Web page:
Ukiah Daily Journal from Ukiah, California on March 5, 2004 · Page 16
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Ukiah Daily Journal from Ukiah, California · Page 16

Ukiah, California
Issue Date:
Friday, March 5, 2004
Page 16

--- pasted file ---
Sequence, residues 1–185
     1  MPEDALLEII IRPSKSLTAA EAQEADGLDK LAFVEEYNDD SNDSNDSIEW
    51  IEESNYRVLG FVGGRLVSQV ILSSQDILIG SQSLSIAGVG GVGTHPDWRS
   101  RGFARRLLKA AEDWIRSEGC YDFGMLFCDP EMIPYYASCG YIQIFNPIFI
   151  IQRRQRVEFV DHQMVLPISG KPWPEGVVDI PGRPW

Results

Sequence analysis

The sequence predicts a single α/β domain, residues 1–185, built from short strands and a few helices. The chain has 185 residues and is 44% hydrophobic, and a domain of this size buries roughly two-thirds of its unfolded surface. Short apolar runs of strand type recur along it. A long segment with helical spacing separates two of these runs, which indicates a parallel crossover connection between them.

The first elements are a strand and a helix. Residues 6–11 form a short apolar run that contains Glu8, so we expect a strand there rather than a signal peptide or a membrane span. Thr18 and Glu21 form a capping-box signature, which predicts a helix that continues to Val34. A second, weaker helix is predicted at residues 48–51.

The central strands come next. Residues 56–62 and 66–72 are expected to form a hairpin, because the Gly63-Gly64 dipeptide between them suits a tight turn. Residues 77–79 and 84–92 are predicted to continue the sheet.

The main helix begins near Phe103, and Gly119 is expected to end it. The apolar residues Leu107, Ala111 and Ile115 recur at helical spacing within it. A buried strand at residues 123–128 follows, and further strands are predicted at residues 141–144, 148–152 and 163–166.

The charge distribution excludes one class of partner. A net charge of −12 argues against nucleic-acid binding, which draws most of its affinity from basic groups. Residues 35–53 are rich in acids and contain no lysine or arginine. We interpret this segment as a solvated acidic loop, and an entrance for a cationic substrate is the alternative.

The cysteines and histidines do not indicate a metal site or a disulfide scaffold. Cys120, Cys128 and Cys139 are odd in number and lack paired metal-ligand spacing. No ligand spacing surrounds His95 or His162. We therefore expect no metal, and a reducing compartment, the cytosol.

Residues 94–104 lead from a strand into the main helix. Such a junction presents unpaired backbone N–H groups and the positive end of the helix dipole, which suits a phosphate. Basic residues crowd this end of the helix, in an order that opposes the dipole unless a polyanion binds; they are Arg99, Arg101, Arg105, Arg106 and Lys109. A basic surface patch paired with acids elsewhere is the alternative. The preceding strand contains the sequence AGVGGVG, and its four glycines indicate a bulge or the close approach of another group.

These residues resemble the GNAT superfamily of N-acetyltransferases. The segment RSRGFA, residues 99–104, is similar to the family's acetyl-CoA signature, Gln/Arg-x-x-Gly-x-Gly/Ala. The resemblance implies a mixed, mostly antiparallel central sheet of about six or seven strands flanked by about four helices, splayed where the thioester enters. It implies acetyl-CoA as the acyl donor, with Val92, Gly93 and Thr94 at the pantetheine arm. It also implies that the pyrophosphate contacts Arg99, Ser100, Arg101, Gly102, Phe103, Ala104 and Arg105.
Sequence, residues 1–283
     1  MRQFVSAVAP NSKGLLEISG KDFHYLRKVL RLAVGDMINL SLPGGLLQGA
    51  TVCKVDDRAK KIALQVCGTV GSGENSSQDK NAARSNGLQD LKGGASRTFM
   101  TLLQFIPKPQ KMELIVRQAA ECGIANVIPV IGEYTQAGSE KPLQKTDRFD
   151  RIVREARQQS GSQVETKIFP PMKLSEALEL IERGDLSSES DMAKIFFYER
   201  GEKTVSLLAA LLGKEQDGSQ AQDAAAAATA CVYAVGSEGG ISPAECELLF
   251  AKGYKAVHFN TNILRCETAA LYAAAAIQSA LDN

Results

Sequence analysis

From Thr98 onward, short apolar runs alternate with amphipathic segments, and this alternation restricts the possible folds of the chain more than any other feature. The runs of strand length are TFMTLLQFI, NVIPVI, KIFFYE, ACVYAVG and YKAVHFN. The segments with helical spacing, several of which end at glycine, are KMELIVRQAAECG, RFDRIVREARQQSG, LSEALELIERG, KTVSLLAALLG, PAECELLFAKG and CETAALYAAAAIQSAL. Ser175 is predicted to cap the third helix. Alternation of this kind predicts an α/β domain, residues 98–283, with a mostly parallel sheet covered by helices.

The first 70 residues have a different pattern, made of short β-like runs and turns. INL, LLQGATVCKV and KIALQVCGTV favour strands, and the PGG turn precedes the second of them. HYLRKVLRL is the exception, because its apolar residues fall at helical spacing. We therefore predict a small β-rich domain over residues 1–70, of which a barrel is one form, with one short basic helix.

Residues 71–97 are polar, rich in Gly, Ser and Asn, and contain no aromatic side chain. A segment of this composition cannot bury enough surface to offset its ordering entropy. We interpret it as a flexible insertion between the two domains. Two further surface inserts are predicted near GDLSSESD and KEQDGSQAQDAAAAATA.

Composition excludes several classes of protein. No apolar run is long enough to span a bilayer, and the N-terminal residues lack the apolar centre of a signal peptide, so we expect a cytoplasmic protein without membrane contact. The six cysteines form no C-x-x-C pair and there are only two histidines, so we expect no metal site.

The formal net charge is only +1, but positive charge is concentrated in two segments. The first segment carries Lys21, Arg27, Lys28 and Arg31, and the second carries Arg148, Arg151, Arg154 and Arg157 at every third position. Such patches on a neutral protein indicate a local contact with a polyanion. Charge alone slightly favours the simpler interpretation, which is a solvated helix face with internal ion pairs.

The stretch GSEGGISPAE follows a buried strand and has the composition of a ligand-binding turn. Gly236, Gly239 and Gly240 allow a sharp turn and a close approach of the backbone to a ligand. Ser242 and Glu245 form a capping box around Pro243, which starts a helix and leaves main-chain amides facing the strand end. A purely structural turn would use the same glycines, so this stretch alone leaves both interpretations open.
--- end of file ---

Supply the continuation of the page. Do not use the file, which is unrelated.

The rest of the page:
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16 - FRIDAY, MARCH 5, 2004 WEATHER THE UKIAH DAILY JOURNAL HAY mm-CAST TODAY Some sun, then turning cloudy. TONIGHT Clouds and a sprinkle; then, clearing. SATURDAY Partly sunny and comfortable. SUNDAY Mostly sunny and warm. SUN AND MOON IP mi ^y^ REGIONAL WfEATHHR Sunset tonight 6:10 p.m. Moonset today 6:24 a.m. MOON PHASES Pull Last New First Mar. 6 Mar. 13 Mar. 20 Mar. 28 ALMANAC Utdih through 2 p.m. Thursday Tamp«rature WOH'WsS OTH'WffiK Low................... Normal low . ................................ ...40° Record low ................... ... 22" In 1923 Precipitation Month to date ............................ 0.17" Season to date ...... ....... .. ......... 31.42" Normal season to date ............ 30.46" All forecasts and maps provided by AccuWeather, Inc. ©2004 CALIFORNIA.CITIES Today Sat. HI/LO/W HI/LO/W Today Sat. HI/Lo/W HI/Lo/W Barstow 6d/44/s 74/4?/pg m Oxnarj Enclnitas Eureka^ Fresno 64/48/pc 67/50/pc miV(Km^H»f 54/43/c 57/44/pc 66/44/s 70/46/pc San Francisco 64/49/pc 63/48/pc San'luis Oblspo 66/45/s 71/46/pc 8W - JWIWK ! !W' t 'iMW4rflH8r»w"W»pU<- • Santa Ana 66/50/pc 70/52/pc Indio mm Hollywood Ml Lod! Long Beach Mammoth Modesto MCfflWlflT Monterey 77/47/s 82/49/pc 68/51/pc 71/53/pc Santa Cruz tm«mi Santa Rosa 63/46/s 66/46/pc 65/43/pc 69/41/pc 64/43/pc 69/42/pC 6wwr*-w«wpB 67/50/pc 70/51 /pc Stockton 64/42/pc 69/42/pc 50/24/s 56/22/pc Torrance 66/51/pc 70/54/pc vjrawHWf^w^eBwariR^fOwwpe'* Vallejo 64/43/pc 69/42/pc yggfl^rVSV^ Vlsaiia 64/44/S 67/44/pc 65/44/S 68/44/pC 'ffmmis^imiswm „.,.,.......,... _...._. 62/46/s 64/46/pc Yosemite Valley 58/32/s 62/30/pc i'^wwwrTplr". * Weather (W): s-sunny, pc-partly cloudy, c-cloudy, sh-showers, t-thunderstorms, t- raln, sf-snow flurries, sn-snow, l-lce. Lake Mendoclno - Lake level: 739.46 feet; Storage: 71,693 acre-feet (Maximum storage 122,500 acre-feet) Inflow: 290 cfs Outflow: 84 cfs Air quality - Ozone: .037 ppm (State standard .090 ppm) Carbon monoxide: 1.00 ppm (20.0 ppm) Nitrogen dioxide: .020 ppm (.25 ppm) Diaz Continued from Page 1 O'Reilly began with four questions he says the state will answer: "What happened? Who did it? Why did they do it?" and "Why has the case taken so long to get to trial?" Pointing to Diaz, neatly dressed in a brown suit, O'Reilly said .Diaz and Gerald "Butch" Lester, already convicted in the same case, drove up from Guerneville to Fort Bragg where they "killed Bill" and then his family, and a day later burned the house to the ground with the four dead bodies in it. In answer to his question, "Why did they kill Bill?" he said, "They were taking care of business," which he described as the core value of the Hells Angels motorcycle club. At the time, O'Reilly said, Grondalski had left the Hells Angels, owing them money and still improperly displaying the club tattoo. Lester was then president of the Vallejo chapter and Diaz was vice president. "Why has it taken 17 years for me to be here talking to you?" O'Reilly asked, facing the rapt jury of 12 men and women. "Because this involved Hells Angels." He then asked the jurors to walk back in time with him, to 17 years ago, "to Monday night, October 6th. That was when, just before 9:30 p.m. the Fort Bragg Fire Department responded to a call at 32541 Old Willits Road, finding a house fully engulfed in flames." Mendocino County Sheriff's Lt. Phil Pintane, who has been investigating the case for the last 10 years, showed slides of each of the four bodies of the Grondalski family, as they were found that evening. O'Reilly recounted the findings of Dr.' Fred Walker, a pathologist who studied the killings at the scene. According to Walker's report, each pf the victims died of gunshot wounds to the head. The victims included Bill Grondalski (32), his wife Patty (34), her son from a previous marriage, Jeremy Vandegriff (17), and Bill and Patty's 5- year-old daughter Dallas, whose throat was also slit so deeply by a knife that it severed her spine. Again O'Reilly Daily Journal file photo Charles Anthony Diaz as he looked in 1996. Diaz is in court this week, on trial for allegedly killing Fort Bragg resident William Grondalski, Grondalski s wife and the couple's two children in 1986. pointed to Diaz, saying, "We will show that this man inflicted the knife wounds." In 1995, a former member of the Sonoma County Chapter of the Hells Angels, Charles Haas, got word to the Sheriff's Department that he would talk. O'Reilly characterized Haas as "a violent guy" who was in custody on charges of producing methamphetamine and facing a 30-year sentence in prison. Allegedly, Diaz and Lester told Haas they were going up to see Bill Grondalski to get his tattoo "covered" and collect money owed the club. The next day, Lester allegedly told Haas that Grondalski had been killed in an argument when Lester's gun accidentally fired. That's when they allegedly decided they had to kill die rest of the family. Haas, Reilly said, then formulated the burning of the house to destroy the evidence. O'Reilly wrapped up his opening statement with a final detail, which he characterized as gruesome. He told how Diaz and Lester allegedly returned to the motorcycle club with Bill Grondalski's tattoo which they had sliced off his arm. One of Diaz' co-defendents, Mary Ann Roach, allegedly helped to destroy the evidence. Diaz and Lester were arrested in 1995, after nine years of work by Sheriff's Department investigators, who received a break in the case when Michael Tankersley, who knew Diaz and Lester, was arrested on unrelated charges in Fort Smith, Ark. and was brought to Mendocino County to testify. Tankersley, who allegedly had a Hells Angels "contract" on him, testified that Diaz and Lester told him about the killings. Tankersley admitted helping to destroy the evidence. Lester was convicted of murder in November 1997, after three trials and is currently serving four life sentences. Diaz was freed on bail after Judge Eric Labowitz ruled there was insufficient evidence to hold him for trial. He was rearrested about a month later, when a new witness came forward but was again freed after then-District Attorney Susan Massini again dropped charges against him in 1999, just before leaving office after losing the DA's job to Norm Vroman. Vroman decided not to prosecute the case, saying there wasn't enough evidence to go forward. Vroman would not have been able to be involved in the case anyway since before being elected to the DA's job he had served as a defense attorney for Lester, After O'Reilly's opening statement, the afternoon court session began with a mistrial motion by defense attorney Al Kubanis (who is representing one of Diaz's three co-defendants). The defense attorneys claimed that protesters wearing T-shirts that said "Justice for Dallas" were at the courthouse to influence the jurors. The judge denied the motion. Diaz's defense attorney, Ed Alvord of Lakeport, declined to make an opening statement, reserving his time for the end of the trial, which is expected to last six to eight weeks. Hagood Continued from Page J the District Attorney's Office to know what the Public Defender's Office spends on such things. Brown allowed her to tell him in private and added that number to the bill without divulging it to the audience in the courtroom. Thompson continues to maintain that Hagood should not have to pay the county back since the state backfills the county costs. She also indicated that Hagood may not have access to any family funds or property with which to pay. Family members have testified that Hagood's mother, Naomi Hagood, had a $5 million estate. Whether Carleen Hagood is entitled to any of it is uncertain as is the status of the house the mother and daughter lived in which the DA's Office may be able to put a lien on. Hagood has 20 days to decide whether she wants to contest the order to pay. She told her attorney Thursday that she wants to pay and skip a hearing on the matter, but Brown decided to set a hearing for March 19 after Hagood also said she'd like to consult her private attorney about it. Deputy District Attorney Keith Faulder then asked the court to take Thompson off the case now that Hagood has a private attorney, but Brown said that while the extra hours Thompson may spend will hike the bill somewhat, he thought she should stay on the case at least until Hagood decides whether to contest the fees. Hagood remains in the county jail while these matters continue. She was sentenced Feb. 13 to six years in prison after pleading guilty to voluntary manslaughter. GMO Continued from Page 1 the market that are genetically engineered," Bengston said, "and if the package of seed or bag was coming in and it had the label on it and the company was not one of these companies that had GE seed, we'd know immediately. If it was one of them, we'd look at what variety it was and so forth, but in most cases — like for big farm plantings - they are requiring contracts for GE seed." Bengston said "part of it is knowing what's out there and what's available," and he said his department had already compiled a binder of database printouts for 1 all varieties of GMO crops. "There's a lot of them on this list that people don't plant here/' Bengston said. "We're not planting cotton or flax or • papaya. Potatoes is one crop we do plant, but GMO potatoes are the ones developed for the Colorado potato beetle, which we don't have. So why would anyone spend money on that?" Rice, soybeans, tobacco and wheat are the next GMO crops "coming down the pipeline," but they are non-issues for Mendocino County just like papayas. The three "big" GMO crops - soybeans, canola and corn — are not flooding into the county either. "We have very little soybeans, no canola, and, compared to the old days, very little com." Farm supply businesses are already calling him and asking what to look for, Bengston said. "I tell them if they have any question ask their seed supplier," he explained. "I don't think anything will come through that doesn't require a contract on it. And if they have any questions they can call us and check on the variety." Though Measure H - the ban on growing any GMO doesn't apply to the four cities of the county or on Indian lands, state and federal lands, Bengston said state or federal agencies usually work closely with the Agriculture Department. "They usually inform us of any big project for reseeding or replanting after a fire in the national forest or BLM land or something," Bengston said. "I don't think there was ever an occasion where we weren't involved. Caltrans is the same." Though much was said of possible drastic impacts on Bengston's department in the enforcement of Measure H (including comments from Bengston himself) so far the process of screening for GMO materials has fit into the normal routine of inspecting incoming shipments. However, Bengston said he had spent a lot of county time "just with phone calls for the last three or four months. "I hardly have a chance to be off the phone, and this morning and yesterday were no exception," he laughed. "In the last couple days I've talked to the Sacramento Bee, the New York Times, the science journal, Nature, and this morning a company up in Canada called to find out more about what exactly is going on." Bengston said his department will also be putting out a letter to seed suppliers and local nurseries, explaining the ban and the fact that, if the nursery is in the unincorporated areas of the county, that they cannot propagate a GMO. But Bengston said he's sure the issue of Measure H will continue to invoke responses both angry and euphoric from iqnature Theatres UKIAH 6 IF! V Theatre SI.. I kiali • -JliMiTllll STARSKY & HUTCH Daily: 5:00,7:15,9:35 Matinees: Sat 12:30,2:50 NO PASSES The Passion Of The Christ Daily: 4:25,7:05,9:45 Matinees: Sat 1:30 NO PASSES NO PASSES HIDALGO TWISTED NO PASSES county residents. "There's no doubt about it: People were passionate and they still are passionate," he said. "Other people from other areas are kind of puzzled and perplexed by (Measure H). They hear about it and ask, 'Well, what are the current GMO crops growing?' Well, we don't have any yet, and there's not much potential for anyone to have one." GMO versions of grapes or pears are still experimental, putting any possibility of their presence on the market many years back. "We are looking at seeds all the time," Bengston said. "When most people imagine we're out driving, looking around and looking at crops, how can we tell they're GMOs? We can't. We have to wait until a complaint or a tip comes, that such and such a person is bringing GMOs into the county. But people are not aware of our whole quarantine system and the network that we call the pest exclusion program. They are not aware it is in place and that we normally inspect licensed nurseries and normally do seed inspection." Triplets of Belleville 'PQ13 Starsky a? Hutch 1:OO. 6:5O. 9:1 O PO13 Hidalgo P013 The Passion Of Christ 3:SO. 6:3O, Q-.1B (R PIMM oil ttmur recording lor whMlchalr I «cc»»llblllly Information I IKONOCTI HARBOR : Sat 1:00 OUTDOORS.aJULV 11 3/6 UK BULKY BIND OUTDOORS-SATURDAY. MAY 8 BRYAN DA DOORS...8AT., JUNE 19 LE ARWATER EVISITEU